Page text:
What do self-cleaning walls, counter tops, fabrics, and water-walking microbots all have in common? The answer is an intriguing scientific property call super hydrophobia. The property allows caterpillars to stay dry and for water striders to be able to support their weight on the water's surface.
For years scientists have puzzled at how this phenomenon worked, but now thanks to advanced computer simulations, a team of researchers the University of Nebraska-Lincoln and Japan's RIKEN institute have finally unlocked how it works.
When the research began in 2005, the RIKEN team had the world's fastest supercomputer at their disposal. In order to understand the basis of the strange behavior, researchers "rained" virtual water droplets of different sizes and at different speeds on surfaces that had pillars of various heights and widths, and with different amounts of space between the pillars. The pillars resembled the hydrophobic hairs on water striders or caterpillars.
What researchers found was that at a critical pillar length, droplets would roll off or in other words, engage in super hydrophobia (also known as the Cassie state, named for A.B.D. Cassie, who discovered it in 1942). Shorter pillars would allow the droplet to reach the surface, where they would encounter more standard hydrophobic interactions (the Wenzel state, named for Robert Wenzel, who found the phenomenon in nature in 1936).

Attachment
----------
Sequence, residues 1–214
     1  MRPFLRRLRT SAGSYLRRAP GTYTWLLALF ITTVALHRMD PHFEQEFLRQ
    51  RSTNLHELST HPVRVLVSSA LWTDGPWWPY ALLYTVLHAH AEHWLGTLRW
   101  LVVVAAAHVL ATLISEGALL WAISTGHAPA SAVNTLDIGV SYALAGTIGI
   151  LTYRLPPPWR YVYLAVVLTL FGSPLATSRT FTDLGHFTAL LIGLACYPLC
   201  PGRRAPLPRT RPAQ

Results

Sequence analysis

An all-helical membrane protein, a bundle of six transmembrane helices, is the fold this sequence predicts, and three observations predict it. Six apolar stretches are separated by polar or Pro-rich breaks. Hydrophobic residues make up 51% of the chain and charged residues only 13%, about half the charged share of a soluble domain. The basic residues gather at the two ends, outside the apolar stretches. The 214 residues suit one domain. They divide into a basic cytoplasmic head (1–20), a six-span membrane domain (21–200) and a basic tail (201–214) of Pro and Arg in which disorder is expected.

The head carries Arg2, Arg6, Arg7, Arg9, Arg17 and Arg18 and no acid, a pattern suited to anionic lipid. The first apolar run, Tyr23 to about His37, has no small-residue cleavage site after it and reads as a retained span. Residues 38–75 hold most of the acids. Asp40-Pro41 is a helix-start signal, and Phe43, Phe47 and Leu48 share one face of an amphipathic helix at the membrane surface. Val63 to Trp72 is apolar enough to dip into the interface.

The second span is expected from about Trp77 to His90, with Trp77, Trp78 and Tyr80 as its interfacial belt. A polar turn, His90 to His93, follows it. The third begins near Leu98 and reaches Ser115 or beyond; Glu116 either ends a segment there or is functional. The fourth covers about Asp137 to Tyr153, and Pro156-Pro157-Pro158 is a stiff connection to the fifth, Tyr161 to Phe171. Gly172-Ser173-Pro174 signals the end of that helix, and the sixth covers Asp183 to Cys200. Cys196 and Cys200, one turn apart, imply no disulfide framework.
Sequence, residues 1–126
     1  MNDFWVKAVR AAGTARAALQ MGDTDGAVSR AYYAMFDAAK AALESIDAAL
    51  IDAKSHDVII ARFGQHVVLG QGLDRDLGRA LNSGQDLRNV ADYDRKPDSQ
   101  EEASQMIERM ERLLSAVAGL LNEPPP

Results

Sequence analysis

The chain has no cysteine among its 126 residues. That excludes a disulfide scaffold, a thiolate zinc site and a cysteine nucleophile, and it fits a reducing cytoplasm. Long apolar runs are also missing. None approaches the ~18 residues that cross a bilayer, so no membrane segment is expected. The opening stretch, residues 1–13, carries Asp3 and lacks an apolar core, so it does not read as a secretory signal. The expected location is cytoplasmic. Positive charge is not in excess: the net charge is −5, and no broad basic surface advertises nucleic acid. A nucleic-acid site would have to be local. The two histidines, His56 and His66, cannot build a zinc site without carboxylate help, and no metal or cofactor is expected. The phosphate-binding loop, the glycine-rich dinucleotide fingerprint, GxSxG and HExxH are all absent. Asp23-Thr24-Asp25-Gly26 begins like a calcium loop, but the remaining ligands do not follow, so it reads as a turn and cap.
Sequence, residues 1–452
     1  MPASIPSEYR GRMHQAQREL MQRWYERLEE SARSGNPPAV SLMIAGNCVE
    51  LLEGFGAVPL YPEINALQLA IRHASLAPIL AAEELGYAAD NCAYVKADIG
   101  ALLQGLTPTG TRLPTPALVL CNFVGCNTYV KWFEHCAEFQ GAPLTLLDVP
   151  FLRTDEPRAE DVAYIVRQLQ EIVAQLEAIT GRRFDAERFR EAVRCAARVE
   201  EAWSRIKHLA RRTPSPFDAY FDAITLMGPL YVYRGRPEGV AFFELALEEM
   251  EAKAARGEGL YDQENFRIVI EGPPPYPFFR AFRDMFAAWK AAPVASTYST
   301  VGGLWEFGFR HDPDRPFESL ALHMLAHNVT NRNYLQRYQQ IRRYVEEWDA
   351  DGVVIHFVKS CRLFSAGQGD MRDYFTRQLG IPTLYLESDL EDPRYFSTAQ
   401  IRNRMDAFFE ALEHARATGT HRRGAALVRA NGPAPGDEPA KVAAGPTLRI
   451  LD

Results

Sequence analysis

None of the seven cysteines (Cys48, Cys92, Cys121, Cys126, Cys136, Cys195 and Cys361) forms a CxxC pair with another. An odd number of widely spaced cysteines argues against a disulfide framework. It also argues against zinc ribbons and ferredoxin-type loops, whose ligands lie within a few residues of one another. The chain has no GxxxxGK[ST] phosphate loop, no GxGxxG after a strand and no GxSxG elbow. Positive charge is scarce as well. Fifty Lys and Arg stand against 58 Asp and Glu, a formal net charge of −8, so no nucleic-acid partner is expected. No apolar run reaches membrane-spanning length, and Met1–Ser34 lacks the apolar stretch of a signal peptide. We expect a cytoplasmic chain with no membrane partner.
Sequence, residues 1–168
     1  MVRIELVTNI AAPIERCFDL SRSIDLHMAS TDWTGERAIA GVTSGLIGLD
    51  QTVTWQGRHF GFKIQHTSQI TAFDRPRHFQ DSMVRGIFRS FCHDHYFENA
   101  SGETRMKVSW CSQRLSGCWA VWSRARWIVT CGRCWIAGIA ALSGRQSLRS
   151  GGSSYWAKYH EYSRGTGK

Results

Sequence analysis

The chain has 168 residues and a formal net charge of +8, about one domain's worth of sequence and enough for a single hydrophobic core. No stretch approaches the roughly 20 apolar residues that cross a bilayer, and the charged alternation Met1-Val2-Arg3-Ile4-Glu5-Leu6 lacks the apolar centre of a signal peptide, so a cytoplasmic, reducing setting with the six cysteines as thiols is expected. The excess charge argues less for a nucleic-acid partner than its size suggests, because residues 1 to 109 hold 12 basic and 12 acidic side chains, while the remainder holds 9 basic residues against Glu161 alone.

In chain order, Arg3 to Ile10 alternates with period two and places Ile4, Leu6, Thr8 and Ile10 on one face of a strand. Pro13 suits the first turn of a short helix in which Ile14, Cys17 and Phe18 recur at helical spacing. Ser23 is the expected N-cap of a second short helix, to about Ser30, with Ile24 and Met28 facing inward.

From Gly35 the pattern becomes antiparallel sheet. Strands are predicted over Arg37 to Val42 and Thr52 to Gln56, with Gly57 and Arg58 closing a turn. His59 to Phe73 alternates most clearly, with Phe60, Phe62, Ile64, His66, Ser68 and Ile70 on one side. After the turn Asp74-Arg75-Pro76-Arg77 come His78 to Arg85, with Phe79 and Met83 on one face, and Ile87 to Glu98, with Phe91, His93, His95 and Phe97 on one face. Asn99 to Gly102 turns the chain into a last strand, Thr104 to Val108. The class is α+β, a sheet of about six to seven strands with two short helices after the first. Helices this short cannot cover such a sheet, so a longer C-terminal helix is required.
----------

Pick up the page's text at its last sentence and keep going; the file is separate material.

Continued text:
The computer simulations were critical to the discovery for several reasons. First, they allowed a great number and variety of trials in a short time. Secondly, they provided precise control over droplet size -- greater than would be possible with mechanical apparatus. Finally, the computer simulations removed such factors as dirt, temperature and air flow, which could skew results.
Xiao Cheng Zeng, Ameritas university professor of chemistry at UNL, who helped conduct the research describes, "This kind of simulation -- we call it 'computer-aided surface design' -- can really help engineers in designing a better nanostructured surface. In the Cassie state, the water droplet stays on top and it can carry dirt away. In the Wenzel state, it's sort of stuck on the surface and lacks self-cleaning functionality. When you build a nanomachine -- a nanorobot -- in the future, you will want to build it so it can self-clean."
Professor Zeng says that the results are a significant step forward in understanding this strange phenomenon. "A lot of people study this and engineers especially like the water strider because it can walk on water,” Professor Zeng remarked. “Their legs are super hydrophobic and each leg can hold about 15 times their weight. 'Hydrophobic' means water really doesn't like their legs and that's what keeps them on top. A lot of scientists and engineers want to develop surfaces that mimic this from nature."
With the new research, he believes artificial materials can be created with similar properties, allowing self-cleaning or water walking.
A paper on the research is published in the May 4-8 online edition of the journal Proceedings of the National Academy of Sciences (PNAS).